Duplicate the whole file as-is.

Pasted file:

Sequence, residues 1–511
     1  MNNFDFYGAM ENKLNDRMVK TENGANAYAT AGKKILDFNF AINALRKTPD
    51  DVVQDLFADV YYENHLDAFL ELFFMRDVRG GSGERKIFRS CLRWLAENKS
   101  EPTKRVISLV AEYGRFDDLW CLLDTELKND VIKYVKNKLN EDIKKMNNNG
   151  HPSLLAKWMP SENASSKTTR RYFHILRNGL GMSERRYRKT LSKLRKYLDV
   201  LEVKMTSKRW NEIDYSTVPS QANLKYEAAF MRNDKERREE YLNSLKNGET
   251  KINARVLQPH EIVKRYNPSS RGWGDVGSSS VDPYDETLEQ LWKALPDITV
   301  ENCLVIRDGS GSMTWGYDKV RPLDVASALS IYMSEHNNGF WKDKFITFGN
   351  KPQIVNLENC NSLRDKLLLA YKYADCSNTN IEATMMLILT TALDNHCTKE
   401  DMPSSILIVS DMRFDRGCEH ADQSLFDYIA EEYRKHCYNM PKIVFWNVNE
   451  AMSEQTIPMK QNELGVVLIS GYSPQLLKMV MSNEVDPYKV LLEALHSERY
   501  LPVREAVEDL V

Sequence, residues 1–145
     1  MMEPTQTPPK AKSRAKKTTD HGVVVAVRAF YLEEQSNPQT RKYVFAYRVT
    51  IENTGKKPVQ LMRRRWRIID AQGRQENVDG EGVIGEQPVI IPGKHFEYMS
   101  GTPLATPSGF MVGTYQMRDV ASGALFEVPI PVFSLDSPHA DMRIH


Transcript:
Sequence, residues 1–511
     1  MNNFDFYGAM ENKLNDRMVK TENGANAYAT AGKKILDFNF AINALRKTPD
    51  DVVQDLFADV YYENHLDAFL ELFFMRDVRG GSGERKIFRS CLRWLAENKS
   101  EPTKRVISLV AEYGRFDDLW CLLDTELKND VIKYVKNKLN EDIKKMNNNG
   151  HPSLLAKWMP SENASSKTTR RYFHILRNGL GMSERRYRKT LSKLRKYLDV
   201  LEVKMTSKRW NEIDYSTVPS QANLKYEAAF MRNDKERREE YLNSLKNGET
   251  KINARVLQPH EIVKRYNPSS RGWGDVGSSS VDPYDETLEQ LWKALPDITV
   301  ENCLVIRDGS GSMTWGYDKV RPLDVASALS IYMSEHNNGF WKDKFITFGN
   351  KPQIVNLENC NSLRDKLLLA YKYADCSNTN IEATMMLILT TALDNHCTKE
   401  DMPSSILIVS DMRFDRGCEH ADQSLFDYIA EEYRKHCYNM PKIVFWNVNE
   451  AMSEQTIPMK QNELGVVLIS GYSPQLLKMV MSNEVDPYKV LLEALHSERY
   501  LPVREAVEDL V

Sequence, residues 1–145
     1  MMEPTQTPPK AKSRAKKTTD HGVVVAVRAF YLEEQSNPQT RKYVFAYRVT
    51  IENTGKKPVQ LMRRRWRIID AQGRQENVDG EGVIGEQPVI IPGKHFEYMS
   101  GTPLATPSGF MVGTYQMRDV ASGALFEVPI PVFSLDSPHA DMRIH